FOR some reason, the style bar is quite low among superminis. When you think about it, very few are really good looking, and for cars that have the perfect proportions to play with, that seems a bit odd.
The MiTo, named after the Fiat Group sites that were chiefly responsible for it, Milan and Torino, is the exception to the rule as long as you spec it up a little. Not much has changed on the outside for this 2014 model, but just look at it! What a stunning wee beastie.
Some people (probably more than you’d think) will never be able to get past the asymmetric front end thing, where the number plate has to be mounted off to one side because of the deep V-shaped classic Alfa Romeo grille. Something tells me they didn’t design it with the DVLA in mind.
But the rest of us can enjoy the idea of a car that likes to be different. It puts Italian style and eccentricity first to create an engaging small car, especially compared to the shades of grey that dominate this sector of the market.
For 2014 it gets a barely noticeable nip and tuck on the outside but more significant changes inside, including something that in true Alfa style polarises opinion completely. Take a good look at the dash, pictured right. That’s not a trick of the light; it really is a graduated two-tone effect from grey-black to orangey-red. At the car’s launch, I loved it, but for every journalist singing its praises there was someone else dialing the Taste Police.
Elsewhere, the big news is a new instrument cluster and a new, optional sat-nav. Essentially it’s a TomTom five-inch navigation unit with added Alfa Romeo software to give access to your media, radio stations and some car settings. It works nicely and, although the navigation does appear to lag behind the car’s actual position, the interface is fresh and easy to use.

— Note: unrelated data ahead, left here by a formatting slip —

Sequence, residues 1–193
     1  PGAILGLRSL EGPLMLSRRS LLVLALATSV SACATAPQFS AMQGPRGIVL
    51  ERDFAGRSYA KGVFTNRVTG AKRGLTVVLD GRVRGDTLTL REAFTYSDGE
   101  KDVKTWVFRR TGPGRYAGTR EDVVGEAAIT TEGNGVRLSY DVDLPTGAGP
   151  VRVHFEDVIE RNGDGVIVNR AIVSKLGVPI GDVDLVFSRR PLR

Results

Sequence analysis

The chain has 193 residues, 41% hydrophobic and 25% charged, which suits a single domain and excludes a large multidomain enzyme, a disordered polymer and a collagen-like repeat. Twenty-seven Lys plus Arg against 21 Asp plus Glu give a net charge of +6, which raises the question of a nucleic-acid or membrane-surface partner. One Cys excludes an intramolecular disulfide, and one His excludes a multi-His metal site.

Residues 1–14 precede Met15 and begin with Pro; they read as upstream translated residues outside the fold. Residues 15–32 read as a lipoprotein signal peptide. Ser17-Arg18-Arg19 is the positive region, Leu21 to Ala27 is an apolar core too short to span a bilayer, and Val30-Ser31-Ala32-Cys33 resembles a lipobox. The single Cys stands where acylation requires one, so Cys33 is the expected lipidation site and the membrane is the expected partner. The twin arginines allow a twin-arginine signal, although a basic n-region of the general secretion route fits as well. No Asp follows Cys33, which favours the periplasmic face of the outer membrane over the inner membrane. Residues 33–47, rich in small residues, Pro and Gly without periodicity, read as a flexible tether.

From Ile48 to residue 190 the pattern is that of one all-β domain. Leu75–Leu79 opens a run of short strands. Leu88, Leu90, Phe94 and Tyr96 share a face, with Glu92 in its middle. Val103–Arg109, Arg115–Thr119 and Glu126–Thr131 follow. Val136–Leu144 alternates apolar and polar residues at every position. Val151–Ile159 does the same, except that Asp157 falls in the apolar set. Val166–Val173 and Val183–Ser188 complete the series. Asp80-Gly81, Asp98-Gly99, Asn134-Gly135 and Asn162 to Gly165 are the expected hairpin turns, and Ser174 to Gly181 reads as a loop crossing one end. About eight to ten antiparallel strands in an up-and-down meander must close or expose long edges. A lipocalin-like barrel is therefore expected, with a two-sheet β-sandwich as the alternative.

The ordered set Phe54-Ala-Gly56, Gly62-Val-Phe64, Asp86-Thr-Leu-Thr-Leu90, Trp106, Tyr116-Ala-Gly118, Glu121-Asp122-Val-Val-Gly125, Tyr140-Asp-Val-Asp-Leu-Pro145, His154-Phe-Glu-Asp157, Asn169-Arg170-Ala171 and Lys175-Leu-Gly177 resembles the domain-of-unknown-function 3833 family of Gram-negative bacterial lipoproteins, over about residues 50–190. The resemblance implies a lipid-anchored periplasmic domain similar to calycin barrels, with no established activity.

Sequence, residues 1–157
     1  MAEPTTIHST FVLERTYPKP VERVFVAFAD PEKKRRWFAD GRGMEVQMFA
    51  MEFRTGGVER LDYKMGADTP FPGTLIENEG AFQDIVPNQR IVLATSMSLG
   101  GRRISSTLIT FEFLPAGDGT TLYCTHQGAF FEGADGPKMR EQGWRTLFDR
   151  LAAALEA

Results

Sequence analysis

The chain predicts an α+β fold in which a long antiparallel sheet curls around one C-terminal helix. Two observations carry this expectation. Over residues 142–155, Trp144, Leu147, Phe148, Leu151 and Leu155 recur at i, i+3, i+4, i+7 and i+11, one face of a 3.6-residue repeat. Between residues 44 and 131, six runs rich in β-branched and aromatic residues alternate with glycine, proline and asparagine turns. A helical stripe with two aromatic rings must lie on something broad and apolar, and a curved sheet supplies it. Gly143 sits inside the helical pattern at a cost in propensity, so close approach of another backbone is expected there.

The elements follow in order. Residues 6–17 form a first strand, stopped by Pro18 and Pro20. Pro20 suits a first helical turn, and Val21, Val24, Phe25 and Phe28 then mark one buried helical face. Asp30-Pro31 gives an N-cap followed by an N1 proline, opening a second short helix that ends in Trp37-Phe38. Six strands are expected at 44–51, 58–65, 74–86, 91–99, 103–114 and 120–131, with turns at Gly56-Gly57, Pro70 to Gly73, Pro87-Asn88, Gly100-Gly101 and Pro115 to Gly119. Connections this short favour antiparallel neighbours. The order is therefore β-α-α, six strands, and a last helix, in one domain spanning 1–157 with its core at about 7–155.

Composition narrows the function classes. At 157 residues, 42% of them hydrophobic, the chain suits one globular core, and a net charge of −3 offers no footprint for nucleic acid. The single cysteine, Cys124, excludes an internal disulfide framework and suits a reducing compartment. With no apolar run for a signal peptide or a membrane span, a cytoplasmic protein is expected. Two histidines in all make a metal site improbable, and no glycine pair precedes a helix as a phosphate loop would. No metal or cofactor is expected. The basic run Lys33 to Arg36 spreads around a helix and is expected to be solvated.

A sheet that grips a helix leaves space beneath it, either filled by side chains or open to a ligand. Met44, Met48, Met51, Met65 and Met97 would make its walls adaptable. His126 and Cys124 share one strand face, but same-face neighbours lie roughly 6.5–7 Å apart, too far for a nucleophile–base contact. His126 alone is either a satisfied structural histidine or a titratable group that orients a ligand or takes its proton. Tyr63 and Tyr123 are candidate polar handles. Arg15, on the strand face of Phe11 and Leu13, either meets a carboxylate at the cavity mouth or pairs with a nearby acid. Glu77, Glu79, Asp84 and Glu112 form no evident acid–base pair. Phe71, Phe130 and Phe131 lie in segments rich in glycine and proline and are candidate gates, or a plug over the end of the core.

The MiTo looks its best on upgraded, larger alloy wheels, although that doesn’t do the ride any favours on the sort of roads we generally enjoy on this island, especially if the standard “DNA” drive mode selector is set to D for Dynamic. It’s not especially bad and there are cars costing more than twice the price that ride worse, but it’s not brilliant either.
But thankfully the DNA switch doesn’t just stiffen the suspension. It brings the car to life and the difference between Dynamic and Natural modes is astonishing. In this car, blessed as it is with the much-lauded TwinAir two-cylinder turbocharged petrol engine, flicking the switch to Dynamic releases a barrel full of giggles and a lifetime of chuntering fun.
Natural mode reduces the available torque, softens its delivery and requires a much harder press of the throttle pedal to source any acceleration. It’s fine for low-speed urban driving where fuel economy is more important, but, in the main, Dynamic is the mode to stay in.
That Italian eccentricity I mentioned is clearest in the cabin of this car. High-spec seats feature luxury detailing in areas like the seat stitching, but then there’s a design calamity where the seat belt routing gets in the way of the seat back angle adjuster.
But it’s not a one-trick pony, the MiTo. Yes it’s great to drive in this trim and yes, I think it’s the best-looking supermini you can buy, but as you drive it you notice how well sized and shaped the door mirrors are, and rear passengers get their own cup holders. The boot is competitive for the class.
Remember your first car? Remember how rich an experience that was, and that even though it inevitably had faults and flaws, you loved that hunk of metal and plastic all the more. The MiTo is vastly better than most first cars, but it has the same air about it. So many superminis are purely about A to B transport, but, if you let it, the MiTo will drive straight to your heart.
Engine 0.9-litre two-cylinder turbocharged petrol producing 103bhp and 107lb ft
Performance Top speed 114mph, 0-62mph in 11.4 seconds
Fuel economy 67.3mpg
CO2 EMISSIONS 99g/km